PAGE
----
How political will these walkouts be — given the major opposition to your efforts come from Republicans? Will you register voters, advocate for any candidates?
Vanessa: Regardless of political beliefs, this climate crisis affects everyone, no matter the age, economic background or political preference. So my hope is that, as youth, we will seize this opportunity to unite under one common goal. Though this issue is rooted to political ignorance, this is not the time for parties to debate the legitimacy of climate change. We will not be endorsing or opposing any political parties as to ensure that everyone feels included in the march for our future.
Elea: The climate is not a political issue anymore. It is a matter of whether or not we get to continue to live on the planet for the generations to come. We are not looking at our walk out as a Republican vs. Democrat issue, but as a statement to any politician or individual who stands in the way of climate justice. The Earth does not have a voice, so we are standing up and using ours. Yes, people will attempt to make this a political issue, but really it is an issue of who believes in science and who will fight to leave behind a livable planet.
Annie: I’m not sure about other schools, but at Serra we are opposed to President Trump’s wish to withdraw from the Paris Agreement.
Joya: We do not endorse any one candidate, but we will be registering voters and advocating for the Green New Deal.
How are your teachers reacting to your activism on climate change?
Vanessa: Personally and luckily, the staff at my school seem to be very supportive and have given me positive feedback, such as they are inspired seeing youth advocate for their demands — especially because it will affect us the most.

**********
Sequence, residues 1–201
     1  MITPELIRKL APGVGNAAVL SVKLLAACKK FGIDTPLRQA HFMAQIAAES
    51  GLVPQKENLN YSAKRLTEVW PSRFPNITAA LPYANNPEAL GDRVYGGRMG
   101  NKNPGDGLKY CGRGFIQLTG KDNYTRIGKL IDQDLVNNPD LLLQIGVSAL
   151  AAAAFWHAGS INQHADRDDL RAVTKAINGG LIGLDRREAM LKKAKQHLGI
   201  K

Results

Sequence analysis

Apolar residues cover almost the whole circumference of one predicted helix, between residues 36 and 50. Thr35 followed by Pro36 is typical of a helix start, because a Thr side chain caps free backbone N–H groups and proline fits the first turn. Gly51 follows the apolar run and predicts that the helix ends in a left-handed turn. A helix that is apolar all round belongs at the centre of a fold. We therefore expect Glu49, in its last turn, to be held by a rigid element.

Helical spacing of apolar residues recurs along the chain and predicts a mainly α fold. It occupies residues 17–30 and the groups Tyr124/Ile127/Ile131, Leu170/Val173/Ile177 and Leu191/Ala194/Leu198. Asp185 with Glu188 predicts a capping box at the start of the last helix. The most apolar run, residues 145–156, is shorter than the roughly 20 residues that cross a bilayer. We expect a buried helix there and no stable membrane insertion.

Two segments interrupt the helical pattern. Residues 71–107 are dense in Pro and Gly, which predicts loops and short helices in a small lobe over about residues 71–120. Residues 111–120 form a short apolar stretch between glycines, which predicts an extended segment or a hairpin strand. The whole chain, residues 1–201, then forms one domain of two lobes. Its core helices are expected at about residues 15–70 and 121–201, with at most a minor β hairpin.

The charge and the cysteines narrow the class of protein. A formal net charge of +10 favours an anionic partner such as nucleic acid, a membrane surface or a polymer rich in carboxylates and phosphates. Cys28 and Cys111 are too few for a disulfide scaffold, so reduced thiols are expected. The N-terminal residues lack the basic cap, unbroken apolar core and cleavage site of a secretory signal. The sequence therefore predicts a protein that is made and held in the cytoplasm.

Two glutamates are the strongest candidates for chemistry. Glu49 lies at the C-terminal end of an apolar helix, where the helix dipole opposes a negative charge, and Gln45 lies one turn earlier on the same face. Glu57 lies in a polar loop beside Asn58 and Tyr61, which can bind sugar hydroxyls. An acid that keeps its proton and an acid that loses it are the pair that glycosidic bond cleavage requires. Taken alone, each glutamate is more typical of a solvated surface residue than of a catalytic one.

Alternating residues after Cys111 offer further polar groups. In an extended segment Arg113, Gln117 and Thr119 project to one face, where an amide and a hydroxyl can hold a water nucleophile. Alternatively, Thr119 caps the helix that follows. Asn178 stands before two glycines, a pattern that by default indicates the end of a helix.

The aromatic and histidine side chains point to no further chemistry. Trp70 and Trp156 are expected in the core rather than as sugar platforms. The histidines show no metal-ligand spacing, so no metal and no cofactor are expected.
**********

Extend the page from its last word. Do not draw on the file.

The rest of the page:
Elea: I have had strong support from my teachers. As individuals who dedicate their lives to educating youth, they see the importance of giving us a healthy planet to grow up and thrive on. They also see the impact and change that can result when youth stand up for what they believe in.
Annie: All my teachers are very supportive.
Joya: I haven’t told a lot of them, but I heard the environmental science teacher is being really supportive of our movement and we’re so excited to have him speak.
Anything else readers should know about your involvement or the Sept. 20 event?
Vanessa: I encourage adults to join a walkout near them, and express their support for our cause. The more people participating, the greater the impact and awareness!
Elea: Now is the time to stand up for what matters, this planet and creating a future for our youth. My peers and I are using our voices to advocate for the change that this world needs. I encourage others to also participate in this historic movement for climate justice.
Annie: I would like readers to know that not all teenagers follow the negative stereotypes that we’re typically associated with. By walking out, we want the world to see that we care, we’re terrified, and we need people to listen.
Joya: I want readers to know that September 20 is just the beginning. Through this event, we hope to inspire kids like us to take action on this issue and be fearless. We want to give kids hope that they, too, can change the world for the better.